The Step Back becomes The Chef Back, as the WNBA’s Briann January talks with us about quarantine cooking, her favorite restaurants and the perfect meal.
If this time of quarantining and social distancing has fostered a growing obsession with food, you’re certainly not alone. The Step Back staff has been spending plenty of time swapping recipes and talking up their sourdough experiments. A few weeks ago we even offered up some of our favorite recipes with an NBA twist. We had so much fun cosplaying as “The Chef Back” we decided to keep it going, talking to some of our favorite hoopers about what they’re eating right now, the food cultures in their families, their favorite restaurants and more.
Briann January is a decorated WNBA veteran, having spent nine seasons with the Indiana Fever and the last two with the Phoenix Mercury. She won a title with the Fever in 2012 and has received six All-Defensive team selections. January was traded to the Connecticut Sun in February, joining a deep squad that pushed the Washington Mystics to five games in last year’s WNBA FInals.
The Step Back (Ian Levy): How’s everything going on your end? Everyone safe and healthy?
Briann January: Yeah, everyone on my end is safe and healthy, you know, following the rules and doing their part. But it’s a difficult time for everybody, just getting adjusted to what’s going on and working within the restrictions.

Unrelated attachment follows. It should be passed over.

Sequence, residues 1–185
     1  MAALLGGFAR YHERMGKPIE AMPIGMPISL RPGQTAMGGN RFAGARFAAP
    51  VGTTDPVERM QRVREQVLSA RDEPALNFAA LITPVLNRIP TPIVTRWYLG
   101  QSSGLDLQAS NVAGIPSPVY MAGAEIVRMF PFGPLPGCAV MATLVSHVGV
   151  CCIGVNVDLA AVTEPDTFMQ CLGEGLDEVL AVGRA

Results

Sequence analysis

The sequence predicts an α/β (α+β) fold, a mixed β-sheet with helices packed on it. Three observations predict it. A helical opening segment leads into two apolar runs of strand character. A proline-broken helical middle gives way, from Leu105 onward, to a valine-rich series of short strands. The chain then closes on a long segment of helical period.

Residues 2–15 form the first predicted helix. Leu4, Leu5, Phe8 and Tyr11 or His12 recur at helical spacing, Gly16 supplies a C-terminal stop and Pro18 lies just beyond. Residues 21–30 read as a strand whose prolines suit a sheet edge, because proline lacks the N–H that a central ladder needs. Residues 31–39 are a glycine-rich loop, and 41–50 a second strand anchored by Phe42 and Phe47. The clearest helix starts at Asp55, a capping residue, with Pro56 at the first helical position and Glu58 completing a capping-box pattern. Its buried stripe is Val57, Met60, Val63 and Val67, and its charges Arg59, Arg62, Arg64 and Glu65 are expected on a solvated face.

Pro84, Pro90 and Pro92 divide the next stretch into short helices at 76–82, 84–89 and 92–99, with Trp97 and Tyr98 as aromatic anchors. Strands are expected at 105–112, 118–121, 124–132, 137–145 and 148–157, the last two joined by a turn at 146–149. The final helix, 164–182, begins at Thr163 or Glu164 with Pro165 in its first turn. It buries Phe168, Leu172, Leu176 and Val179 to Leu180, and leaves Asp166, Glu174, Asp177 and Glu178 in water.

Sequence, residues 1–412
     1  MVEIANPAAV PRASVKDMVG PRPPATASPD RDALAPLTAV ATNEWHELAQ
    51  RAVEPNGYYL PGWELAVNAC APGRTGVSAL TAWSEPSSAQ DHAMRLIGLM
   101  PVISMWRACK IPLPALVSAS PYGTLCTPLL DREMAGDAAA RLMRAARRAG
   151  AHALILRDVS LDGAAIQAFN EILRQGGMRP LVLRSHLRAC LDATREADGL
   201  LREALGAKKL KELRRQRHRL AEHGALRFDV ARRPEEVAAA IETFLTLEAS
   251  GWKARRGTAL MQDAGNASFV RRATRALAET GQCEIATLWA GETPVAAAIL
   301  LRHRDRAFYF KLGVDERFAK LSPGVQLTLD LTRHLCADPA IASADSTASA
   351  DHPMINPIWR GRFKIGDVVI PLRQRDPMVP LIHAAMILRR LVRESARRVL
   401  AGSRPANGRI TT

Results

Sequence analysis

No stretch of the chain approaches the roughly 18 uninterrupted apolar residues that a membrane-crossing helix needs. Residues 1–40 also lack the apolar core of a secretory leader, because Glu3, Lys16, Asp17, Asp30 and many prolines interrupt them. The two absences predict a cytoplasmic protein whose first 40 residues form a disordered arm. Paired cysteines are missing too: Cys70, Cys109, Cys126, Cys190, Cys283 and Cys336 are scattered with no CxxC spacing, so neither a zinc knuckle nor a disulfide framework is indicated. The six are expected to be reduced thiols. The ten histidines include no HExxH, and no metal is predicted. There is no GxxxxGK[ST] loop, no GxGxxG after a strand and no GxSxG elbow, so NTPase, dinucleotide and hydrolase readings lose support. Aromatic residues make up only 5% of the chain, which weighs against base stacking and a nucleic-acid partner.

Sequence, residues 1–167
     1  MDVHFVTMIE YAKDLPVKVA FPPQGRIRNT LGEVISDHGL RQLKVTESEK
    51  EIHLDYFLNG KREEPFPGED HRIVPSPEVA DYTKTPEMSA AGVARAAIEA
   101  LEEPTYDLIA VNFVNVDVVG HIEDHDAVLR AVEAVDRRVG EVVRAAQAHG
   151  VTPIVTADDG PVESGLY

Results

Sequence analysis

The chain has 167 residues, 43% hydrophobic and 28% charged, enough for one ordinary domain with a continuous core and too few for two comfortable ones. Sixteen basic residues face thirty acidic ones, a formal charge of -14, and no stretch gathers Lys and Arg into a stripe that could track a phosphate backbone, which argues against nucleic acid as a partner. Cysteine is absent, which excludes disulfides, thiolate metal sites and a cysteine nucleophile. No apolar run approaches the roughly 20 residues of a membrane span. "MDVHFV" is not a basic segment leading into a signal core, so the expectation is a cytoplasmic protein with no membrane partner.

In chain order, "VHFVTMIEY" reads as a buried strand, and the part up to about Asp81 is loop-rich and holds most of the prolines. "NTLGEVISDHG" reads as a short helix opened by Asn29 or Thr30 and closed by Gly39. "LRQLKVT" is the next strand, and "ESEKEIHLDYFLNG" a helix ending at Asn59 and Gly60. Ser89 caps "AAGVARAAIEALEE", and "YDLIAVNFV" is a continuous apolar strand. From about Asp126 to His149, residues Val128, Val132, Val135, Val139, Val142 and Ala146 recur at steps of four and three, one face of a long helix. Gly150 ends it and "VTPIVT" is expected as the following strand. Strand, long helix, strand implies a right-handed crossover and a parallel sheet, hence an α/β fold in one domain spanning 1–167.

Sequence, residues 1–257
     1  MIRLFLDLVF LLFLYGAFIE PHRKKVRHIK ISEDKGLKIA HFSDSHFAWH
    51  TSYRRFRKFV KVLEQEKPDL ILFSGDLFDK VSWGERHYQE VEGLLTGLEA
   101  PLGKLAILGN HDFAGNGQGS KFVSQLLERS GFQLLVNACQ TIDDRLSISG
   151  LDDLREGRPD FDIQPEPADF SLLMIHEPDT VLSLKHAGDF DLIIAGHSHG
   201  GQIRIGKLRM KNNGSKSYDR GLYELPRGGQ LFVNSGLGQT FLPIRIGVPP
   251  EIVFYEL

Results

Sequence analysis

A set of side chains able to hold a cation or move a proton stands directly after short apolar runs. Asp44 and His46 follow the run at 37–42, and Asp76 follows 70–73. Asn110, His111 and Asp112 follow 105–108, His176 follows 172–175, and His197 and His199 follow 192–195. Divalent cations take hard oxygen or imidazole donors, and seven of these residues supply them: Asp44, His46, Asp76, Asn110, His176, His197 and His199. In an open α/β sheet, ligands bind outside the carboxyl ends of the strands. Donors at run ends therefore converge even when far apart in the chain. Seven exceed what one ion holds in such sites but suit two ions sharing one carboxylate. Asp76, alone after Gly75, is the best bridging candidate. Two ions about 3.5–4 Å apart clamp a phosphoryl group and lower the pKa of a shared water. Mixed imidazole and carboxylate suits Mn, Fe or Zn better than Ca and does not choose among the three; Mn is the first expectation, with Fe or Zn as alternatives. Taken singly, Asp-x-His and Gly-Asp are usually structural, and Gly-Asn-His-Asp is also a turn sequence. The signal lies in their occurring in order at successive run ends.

The Step Back: Everyone’s stuck at home and thinking about food these days. What kind of things have you been cooking?
I’ve made lasagna, doing Mexican night, trying to eat as clean as possible you know, because I’m not running up and down the court. But I’ve been making my way through some of my mom’s recipes that I absolutely love, so that’s been fun.
The Step Back: Was she the cook in your house growing up?
Yeah, my dad did the majority of the breakfast meals, you know, the pancakes, the eggs. But my mom, she threw it down for sure.
The Step Back: So what kind of stuff are we talking about? What were the dinners like in your house growing up?
You know, I ate very well. It’s a wonder I wasn’t … large (laughing) … because I just love my mom’s cooking so much. Everything from different types of casseroles to her lasagna, which I love. But she could just put anything together with anything that was in the fridge. It was really like Top Chef, she made some magic. She always kept our meals pretty balanced with vegetables and carbs and protein so I was taught early on to eat really well.
The Step Back: How different is the stuff you’re eating now from what you eat during the season?
You know, I’ve used this time as an excuse to treat myself during quarantine … (laughing) … whether that’s the occasional root beer float or an ice cream cone, just throwing that in the there just to treat yourself.
The Step Back: What are meals like during the season, game day meals and otherwise? Like how does your diet during the season lend itself to training and staying ready?
During the season I do a lot of meal-prepping, it makes it easy so I can stay on track with getting the amount of food in me that I need to recover for the next day. On a game day, I will usually have a little something before shootaround, whether that’s peanut butter and banana or something light, and then come back from shootaround and have a bigger breakfast like a scramble with spinach, eggs, some turkey bacon maybe, some fruit. And then, you know, relax, rest. My naps have gotten shorter so I don’t really sleep a ton. And then I’ll eat later on like a sweet potato and some chicken and a vegetable, and then head to the game.